• The practice ensured it provided services to meet the needs of the working age population. For example, extended hours appointments were available on Wednesday evenings for health checks and family planning services.

  • Telephone consultations were available for patients who were unable to reach the practice during the day.

  • All patients who requested a same day appointment received a phone call from a GP to enquire about their symptoms and to determine if advice only or a face to face appointment was needed.

  • Online services were available for booking appointments and ordering repeat prescriptions.

  • Practice staff encouraged patients to attend for health screening procedures to promote their health.

  • The practice website gave advice to patients about how to treat minor ailments without the need to be seen by a GP.

People experiencing poor mental health (including people with dementia)

Good

Updated 15 May 2017

The practice is rated as good for the care of people experiencing poor mental health (including people with dementia).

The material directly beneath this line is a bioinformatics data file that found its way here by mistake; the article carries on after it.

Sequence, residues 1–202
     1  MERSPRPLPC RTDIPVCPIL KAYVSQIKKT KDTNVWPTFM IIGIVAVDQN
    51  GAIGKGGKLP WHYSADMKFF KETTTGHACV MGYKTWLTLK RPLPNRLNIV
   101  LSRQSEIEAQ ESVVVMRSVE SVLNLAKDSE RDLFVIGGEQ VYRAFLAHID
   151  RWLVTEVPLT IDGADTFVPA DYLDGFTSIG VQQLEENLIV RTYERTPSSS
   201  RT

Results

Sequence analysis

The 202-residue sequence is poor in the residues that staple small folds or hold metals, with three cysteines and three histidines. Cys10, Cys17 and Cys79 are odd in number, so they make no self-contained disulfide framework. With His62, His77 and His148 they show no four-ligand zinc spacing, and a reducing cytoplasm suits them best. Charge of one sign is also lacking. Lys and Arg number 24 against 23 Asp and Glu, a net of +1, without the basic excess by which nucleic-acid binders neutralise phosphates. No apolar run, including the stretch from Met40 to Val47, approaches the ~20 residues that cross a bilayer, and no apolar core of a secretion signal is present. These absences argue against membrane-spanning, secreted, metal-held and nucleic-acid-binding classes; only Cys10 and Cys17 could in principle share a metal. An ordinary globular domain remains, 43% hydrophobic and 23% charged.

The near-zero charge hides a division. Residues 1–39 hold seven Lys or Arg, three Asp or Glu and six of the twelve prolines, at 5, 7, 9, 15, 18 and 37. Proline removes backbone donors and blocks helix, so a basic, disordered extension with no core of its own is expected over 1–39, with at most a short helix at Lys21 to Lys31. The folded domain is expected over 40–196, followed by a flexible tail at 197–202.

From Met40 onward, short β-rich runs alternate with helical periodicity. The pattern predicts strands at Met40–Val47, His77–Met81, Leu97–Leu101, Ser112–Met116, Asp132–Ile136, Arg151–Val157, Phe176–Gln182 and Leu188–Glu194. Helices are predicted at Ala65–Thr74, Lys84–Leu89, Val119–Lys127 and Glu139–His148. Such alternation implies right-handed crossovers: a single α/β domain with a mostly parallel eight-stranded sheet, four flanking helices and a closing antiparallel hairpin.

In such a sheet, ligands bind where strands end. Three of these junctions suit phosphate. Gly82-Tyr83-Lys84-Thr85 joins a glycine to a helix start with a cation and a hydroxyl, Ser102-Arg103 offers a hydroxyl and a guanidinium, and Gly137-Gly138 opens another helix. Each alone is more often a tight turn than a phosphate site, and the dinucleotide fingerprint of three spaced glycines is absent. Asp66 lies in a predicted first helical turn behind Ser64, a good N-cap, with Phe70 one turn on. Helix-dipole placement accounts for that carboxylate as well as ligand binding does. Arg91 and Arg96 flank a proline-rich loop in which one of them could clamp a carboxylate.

• The practice worked with multi-disciplinary teams to provide appropriate care for patients with poor mental health. This included patients with dementia.

  • Patients who experience poor mental health had received an annual physical health check.

  • Practice staff regularly worked with multi-disciplinary teams in the case management of patients who experienced poor mental health, including those with dementia.

  • An enhanced service included GPs carrying out assessments of patients who experienced memory loss in order to capture early diagnosis of dementia. This enabled staff to put a care package in place that provided health and social care support systems in place to promote patients well-being.